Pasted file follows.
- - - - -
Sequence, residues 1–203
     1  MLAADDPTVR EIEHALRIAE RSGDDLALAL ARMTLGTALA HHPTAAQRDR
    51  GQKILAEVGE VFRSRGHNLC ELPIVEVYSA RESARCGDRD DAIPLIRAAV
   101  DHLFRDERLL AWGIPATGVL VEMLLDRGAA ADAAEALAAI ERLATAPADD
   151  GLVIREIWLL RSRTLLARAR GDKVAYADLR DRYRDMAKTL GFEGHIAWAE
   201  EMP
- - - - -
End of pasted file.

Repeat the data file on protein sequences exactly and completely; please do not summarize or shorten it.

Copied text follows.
Sequence, residues 1–203
     1  MLAADDPTVR EIEHALRIAE RSGDDLALAL ARMTLGTALA HHPTAAQRDR
    51  GQKILAEVGE VFRSRGHNLC ELPIVEVYSA RESARCGDRD DAIPLIRAAV
   101  DHLFRDERLL AWGIPATGVL VEMLLDRGAA ADAAEALAAI ERLATAPADD
   151  GLVIREIWLL RSRTLLARAR GDKVAYADLR DRYRDMAKTL GFEGHIAWAE
   201  EMP